Date of Award
Doctor of Philosophy (PhD)
Joseph T. Skerrett
20th Century, American, Cold War, Culture, Film, Nazism
English Language and Literature
‘Just Like Hitler’ explores the manner in which Nazism is used within mass American culture to create ethical arguments. Specifically, it provides a history of Nazism’s usage as a metaphor for evil. The work follows that metaphor’s usage from its origin with dissemination of camp liberation imagery through its political usage as a way of describing the communist enemy in the Cold War, through its employment as a vehicle for criticism against America’s domestic and foreign policies, through to its usage as a personal metaphor for evil. Ultimately, the goal of the dissertation is to describe the ways in which the metaphor of Nazism has become ubiquitous in discussion of ethics within American culture at large and how that ubiquity has undermined definitions of evil and made them unavailable. Through overuse, Nazism has become a term to vague to describe anything, but necessary because all other definitions of evil are subject to contextualization and become diminished through explanation. The work analyzes works of postwar literature but also draws in state sponsored propaganda as well as works of popular culture. Because of its concentration on Nazism as a ubiquitous definition of evil, it describes American culture through a survey of its more prominent, popular, and lauded works.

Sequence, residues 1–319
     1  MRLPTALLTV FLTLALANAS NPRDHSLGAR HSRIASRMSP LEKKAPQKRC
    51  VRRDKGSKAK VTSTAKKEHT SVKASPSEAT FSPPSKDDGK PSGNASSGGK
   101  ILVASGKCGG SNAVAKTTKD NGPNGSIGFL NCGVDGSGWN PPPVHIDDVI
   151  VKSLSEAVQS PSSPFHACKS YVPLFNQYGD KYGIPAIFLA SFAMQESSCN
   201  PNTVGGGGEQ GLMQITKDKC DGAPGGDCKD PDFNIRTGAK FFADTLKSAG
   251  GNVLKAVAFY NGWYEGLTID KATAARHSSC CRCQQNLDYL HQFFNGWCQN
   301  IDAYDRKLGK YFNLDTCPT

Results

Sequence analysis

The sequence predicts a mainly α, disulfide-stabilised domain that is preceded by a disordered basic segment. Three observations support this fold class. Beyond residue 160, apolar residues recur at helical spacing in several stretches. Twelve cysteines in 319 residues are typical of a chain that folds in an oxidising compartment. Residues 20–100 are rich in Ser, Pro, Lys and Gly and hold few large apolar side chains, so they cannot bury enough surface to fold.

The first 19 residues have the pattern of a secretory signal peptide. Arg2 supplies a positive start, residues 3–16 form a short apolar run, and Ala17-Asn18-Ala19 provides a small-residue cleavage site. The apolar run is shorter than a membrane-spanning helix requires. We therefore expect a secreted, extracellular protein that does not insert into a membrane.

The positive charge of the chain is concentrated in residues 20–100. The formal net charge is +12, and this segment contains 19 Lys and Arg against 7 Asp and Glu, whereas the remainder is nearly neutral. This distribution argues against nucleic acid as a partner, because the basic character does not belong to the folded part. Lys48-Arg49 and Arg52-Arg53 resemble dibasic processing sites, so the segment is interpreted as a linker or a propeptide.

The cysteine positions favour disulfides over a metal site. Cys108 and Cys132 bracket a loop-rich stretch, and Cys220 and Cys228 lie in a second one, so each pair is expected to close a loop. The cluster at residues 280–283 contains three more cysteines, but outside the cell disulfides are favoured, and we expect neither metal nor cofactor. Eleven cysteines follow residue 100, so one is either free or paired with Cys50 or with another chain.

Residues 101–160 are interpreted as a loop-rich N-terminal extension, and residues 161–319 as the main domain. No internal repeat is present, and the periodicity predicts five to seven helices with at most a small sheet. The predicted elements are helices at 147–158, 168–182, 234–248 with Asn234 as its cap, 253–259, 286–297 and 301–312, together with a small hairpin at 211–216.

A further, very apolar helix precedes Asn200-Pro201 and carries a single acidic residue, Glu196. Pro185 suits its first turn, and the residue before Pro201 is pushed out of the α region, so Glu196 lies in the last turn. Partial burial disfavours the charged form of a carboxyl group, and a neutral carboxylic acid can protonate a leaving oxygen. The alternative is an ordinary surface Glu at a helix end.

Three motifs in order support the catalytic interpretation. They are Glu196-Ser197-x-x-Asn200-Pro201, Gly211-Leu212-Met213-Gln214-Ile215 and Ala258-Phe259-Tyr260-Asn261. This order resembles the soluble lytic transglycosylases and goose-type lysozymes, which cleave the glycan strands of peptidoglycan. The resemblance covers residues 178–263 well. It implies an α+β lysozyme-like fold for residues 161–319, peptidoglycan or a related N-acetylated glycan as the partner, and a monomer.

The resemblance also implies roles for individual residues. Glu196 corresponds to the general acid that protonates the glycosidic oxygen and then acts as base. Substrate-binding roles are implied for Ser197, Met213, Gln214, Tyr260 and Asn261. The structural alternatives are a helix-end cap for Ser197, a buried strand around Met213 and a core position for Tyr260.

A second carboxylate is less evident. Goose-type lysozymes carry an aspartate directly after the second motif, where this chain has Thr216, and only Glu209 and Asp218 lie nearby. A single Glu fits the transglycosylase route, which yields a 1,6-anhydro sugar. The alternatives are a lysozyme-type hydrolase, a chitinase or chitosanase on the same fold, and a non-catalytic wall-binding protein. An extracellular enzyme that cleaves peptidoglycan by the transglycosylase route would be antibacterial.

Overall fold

Johnson, Brian Scott, "'Just Like Hitler': Comparisons To Nazism in American Culture" (2010). Open Access Dissertations. Paper 233.